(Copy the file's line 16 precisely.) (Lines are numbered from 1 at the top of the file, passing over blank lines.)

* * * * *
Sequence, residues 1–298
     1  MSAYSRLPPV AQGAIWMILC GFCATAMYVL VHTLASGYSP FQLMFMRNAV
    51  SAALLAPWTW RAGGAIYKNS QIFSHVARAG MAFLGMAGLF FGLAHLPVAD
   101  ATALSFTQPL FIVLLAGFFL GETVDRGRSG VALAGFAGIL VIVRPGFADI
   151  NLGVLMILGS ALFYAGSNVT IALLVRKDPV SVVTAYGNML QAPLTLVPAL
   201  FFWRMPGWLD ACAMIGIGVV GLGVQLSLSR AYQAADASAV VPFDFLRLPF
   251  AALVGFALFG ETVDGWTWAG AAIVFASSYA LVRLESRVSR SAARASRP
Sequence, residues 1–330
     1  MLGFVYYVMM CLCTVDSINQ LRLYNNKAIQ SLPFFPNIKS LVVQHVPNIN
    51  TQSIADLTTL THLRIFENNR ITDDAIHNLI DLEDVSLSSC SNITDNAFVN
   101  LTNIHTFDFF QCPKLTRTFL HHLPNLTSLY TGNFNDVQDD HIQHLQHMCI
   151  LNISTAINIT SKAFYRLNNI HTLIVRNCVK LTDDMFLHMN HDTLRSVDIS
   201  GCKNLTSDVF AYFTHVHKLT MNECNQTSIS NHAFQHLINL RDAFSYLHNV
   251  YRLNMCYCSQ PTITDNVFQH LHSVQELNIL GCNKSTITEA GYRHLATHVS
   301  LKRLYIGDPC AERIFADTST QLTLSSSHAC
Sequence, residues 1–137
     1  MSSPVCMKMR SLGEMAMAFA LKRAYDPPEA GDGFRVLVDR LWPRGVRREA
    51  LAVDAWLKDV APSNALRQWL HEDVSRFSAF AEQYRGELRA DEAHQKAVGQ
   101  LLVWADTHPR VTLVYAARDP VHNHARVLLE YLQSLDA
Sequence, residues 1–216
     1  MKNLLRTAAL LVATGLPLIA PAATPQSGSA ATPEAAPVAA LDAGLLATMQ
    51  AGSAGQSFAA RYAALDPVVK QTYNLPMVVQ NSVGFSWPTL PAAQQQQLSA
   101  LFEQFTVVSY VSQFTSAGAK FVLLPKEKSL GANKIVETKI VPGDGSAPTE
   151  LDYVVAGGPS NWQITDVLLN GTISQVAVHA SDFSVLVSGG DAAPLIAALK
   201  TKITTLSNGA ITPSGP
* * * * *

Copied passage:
Sequence, residues 1–137